The second major aim of the present study was to examine the integrated role of TNF-α in the expression and secretion of adipokines by human adipocytes. This pleiotropic factor has a range of actions in adipose tissue and has been particularly implicated in the inflammatory response and the modulation of insulin sensitivity (19, 23, 44). Our results demonstrate the pervasive role of TNF-α in the expression of key inflammation-related adipokines in human adipocytes. Two genes, leptin and PAI-1, were not affected, however, by TNF-α, and in the case of PAI-1, this is consistent with some reports on adipocytes (2, 18) although not with others (5, 40).

The absence of an effect of TNF-α on leptin expression was also evident at the level of the secreted protein. Previous studies have provided conflicting observations, with TNF-α being reported to stimulate leptin secretion in short-term suspension culture or ceiling culture of human adipocytes (55), whereas treatment of 3T3-L1 adipocytes results in a rapid stimulation followed by a decline to undetectable levels by 24 h (25). These differences may reflect the impact of varying culture conditions and differences between cell types, including species differences between human and rodent adipocytes.

A marked species difference between mice and humans is certainly implied in the case of haptoglobin. TNF-α is a major factor in the expression of this acute-phase protein in mice; indeed, in 3T3-L1 adipocytes, it strongly stimulates haptoglobin expression (30). However, surprisingly, in human adipocytes it induced a reduction in haptoglobin mRNA level, and we have obtained similar results in human SGBS (Simpson-Golabi-Behmel syndrome) cells (B. Wang and P. Trayhurn, unpublished observations). Thus, in contrast to rodents, it is unlikely that haptoglobin synthesis is stimulated in human WAT as part of the inflammatory response, illustrating the importance of human adipocytes studies.

There was a dissociation between the effect of TNF-α on adiponectin at the mRNA and protein levels in human adipocytes; adiponectin mRNA was reduced without there being any effect on protein secretion. This dissociation may reflect differences in time course, since mRNA measurements relate to the situation in cells at the end point of treatment, whereas protein level in the medium is the sum of the secretion throughout the preceding 24 h. Thus if the reduction in mRNA level was to occur only toward the end of the incubation period, then this would not be expected to affect the aggregated protein secretion over the full 24 h. The direct inhibitory effect of TNF-α on adiponectin mRNA level is in accord with studies on 3T3-L1 cells (11) and human preadipocytes (22). Adiponectin production is suppressed in insulin resistance and obesity (21, 52), and its expression is regulated by hormones and drugs influencing insulin sensitivity (27). This suggests that the impairment of insulin sensitivity by increased TNF-α levels could involve the suppression of adiponectin.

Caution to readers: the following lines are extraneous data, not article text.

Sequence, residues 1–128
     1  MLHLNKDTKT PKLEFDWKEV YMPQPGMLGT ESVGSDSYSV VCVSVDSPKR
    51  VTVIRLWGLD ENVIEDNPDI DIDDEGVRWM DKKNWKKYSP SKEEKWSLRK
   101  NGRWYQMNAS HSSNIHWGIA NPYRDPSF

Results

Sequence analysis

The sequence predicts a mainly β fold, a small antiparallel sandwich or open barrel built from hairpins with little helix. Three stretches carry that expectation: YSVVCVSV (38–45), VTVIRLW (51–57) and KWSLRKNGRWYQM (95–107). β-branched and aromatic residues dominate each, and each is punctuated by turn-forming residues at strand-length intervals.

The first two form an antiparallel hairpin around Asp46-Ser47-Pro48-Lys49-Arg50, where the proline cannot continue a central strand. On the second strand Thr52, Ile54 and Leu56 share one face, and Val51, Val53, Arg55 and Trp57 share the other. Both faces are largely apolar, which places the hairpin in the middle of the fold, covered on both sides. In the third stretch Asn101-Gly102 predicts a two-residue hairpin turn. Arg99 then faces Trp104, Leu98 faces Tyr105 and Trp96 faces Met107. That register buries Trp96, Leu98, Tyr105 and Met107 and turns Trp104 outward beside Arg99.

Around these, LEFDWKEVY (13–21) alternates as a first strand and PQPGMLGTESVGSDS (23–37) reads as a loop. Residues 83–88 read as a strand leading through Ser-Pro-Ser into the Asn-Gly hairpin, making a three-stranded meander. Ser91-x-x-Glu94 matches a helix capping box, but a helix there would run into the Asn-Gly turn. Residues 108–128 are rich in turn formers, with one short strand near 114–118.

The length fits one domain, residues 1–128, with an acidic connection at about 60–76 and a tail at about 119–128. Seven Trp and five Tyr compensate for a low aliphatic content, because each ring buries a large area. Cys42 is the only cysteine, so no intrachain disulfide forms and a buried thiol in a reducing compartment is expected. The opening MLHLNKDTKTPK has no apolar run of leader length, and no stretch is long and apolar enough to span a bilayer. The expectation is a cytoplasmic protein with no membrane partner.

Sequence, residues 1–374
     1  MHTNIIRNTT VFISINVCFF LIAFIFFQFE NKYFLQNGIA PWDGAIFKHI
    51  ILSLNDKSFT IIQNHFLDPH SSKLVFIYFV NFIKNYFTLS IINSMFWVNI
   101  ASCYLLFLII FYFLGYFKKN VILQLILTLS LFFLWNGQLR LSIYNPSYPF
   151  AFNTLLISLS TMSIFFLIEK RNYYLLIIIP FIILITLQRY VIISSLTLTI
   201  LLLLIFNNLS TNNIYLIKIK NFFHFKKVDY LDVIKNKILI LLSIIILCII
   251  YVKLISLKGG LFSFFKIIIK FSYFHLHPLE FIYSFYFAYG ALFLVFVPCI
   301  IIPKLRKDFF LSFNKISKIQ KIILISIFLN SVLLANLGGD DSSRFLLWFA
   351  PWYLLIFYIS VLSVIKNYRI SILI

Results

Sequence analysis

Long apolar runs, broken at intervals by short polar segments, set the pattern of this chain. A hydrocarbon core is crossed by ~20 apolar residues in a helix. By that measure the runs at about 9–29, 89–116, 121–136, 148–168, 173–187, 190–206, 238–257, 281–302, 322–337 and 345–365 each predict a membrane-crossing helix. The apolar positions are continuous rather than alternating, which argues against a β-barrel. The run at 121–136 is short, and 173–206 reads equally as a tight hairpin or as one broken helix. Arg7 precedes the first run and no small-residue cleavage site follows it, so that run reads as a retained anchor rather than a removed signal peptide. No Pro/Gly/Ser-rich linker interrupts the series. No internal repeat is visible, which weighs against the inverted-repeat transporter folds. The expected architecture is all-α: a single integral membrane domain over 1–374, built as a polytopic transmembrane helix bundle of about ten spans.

TNF-α had a strong stimulatory effect on the expression of several inflammation-related adipokine genes in human adipocytes, including a substantial stimulation of its own expression. This autocrine stimulation loop serves to amplify the effects of TNF-α on adipocytes and has also been observed with IL-6, which stimulates IL-6 production in 3T3-L1 and 3T3-F422A cells (26); TNF-α is also a strong inducer of IL-6 expression in human adipocytes, as reported recently (37). Thus the reduction in adiponectin expression after treatment with TNF-α could involve IL-6, which inhibits adiponectin expression in 3T3-L1 cells (12).

Recent reports show that macrophages heavily infiltrate adipose tissue in obesity, and this is likely to amplify the inflammatory state of the tissue (51, 53). MCP-1 mRNA was substantially upregulated by TNF-α in vitro in human adipocytes, at both the gene expression and protein secretion levels, consistent with other studies on both human adipocytes and 3T3-L1 cells (9, 16, 42). Studies in mice and humans have demonstrated that expression of MCP-1 is upregulated in obesity and insulin resistance and may contribute to TNF-α-induced insulin resistance (29, 42). The other factor strongly upregulated by TNF-α was NGF, and again this is evident at both the gene expression and protein secretion levels. Thus the cytokine is a powerful regulator of NGF production in human adipocytes, with the neurotrophin being linked to the inflammatory response, as in 3T3-L1 cells (32).

During the course of this study, we also examined the effect of incubation with NGFβ (5 and 100 ng/ml for 24 h) on the expression and secretion of the inflammation-related adipokines, given that NGF is released from adipocytes and could have local effects within the tissue. Differentiated human adipocytes were treated using same protocol as for TNF-α. However, no effect was observed on gene expression for almost all the adipokines, the exception being MCP-1, where there was a small (30%, P < 0.05) reduction, and MT-2, where there was small increase (50%, P < 0.05). It appears, therefore, that NGF is unlikely to have a significant effect on the production of other adipokines, and this is consistent with the low levels of trkA receptor mRNA found in murine adipocytes (32).

In conclusion, major quantitative changes occur in the expression and secretion of inflammation-related adipokines during the differentiation and development of human adipocytes in primary culture. Distinct and gene-specific patterns of expression are evident. This study also demonstrates the pervasive effects of TNF-α on the expression and secretion of these cytokines, with some such as MCP-1 and NGF being strongly upregulated by the proinflammatory cytokine. TNF-α is an important mediator of adipokine production in adipocytes, and its modulation of insulin sensitivity may occur both directly and through the selective control of other adipokines such as adiponectin, IL-6, and MCP-1.


This work was supported by funding from the European Union Framework 5 Programme (OB-AGE: QLK6-CT-2002-02288).


We are grateful to Leif Hunter, Dr. Monica Bulló-Bonet, Dr. Muhammad Peeraully, and Dr. Stuart Wood for help and advice.


  • The costs of publication of this article were defrayed in part by the payment of page charges. The article must therefore be hereby marked “advertisement” in accordance with 18 U.S.C. Section 1734 solely to indicate this fact.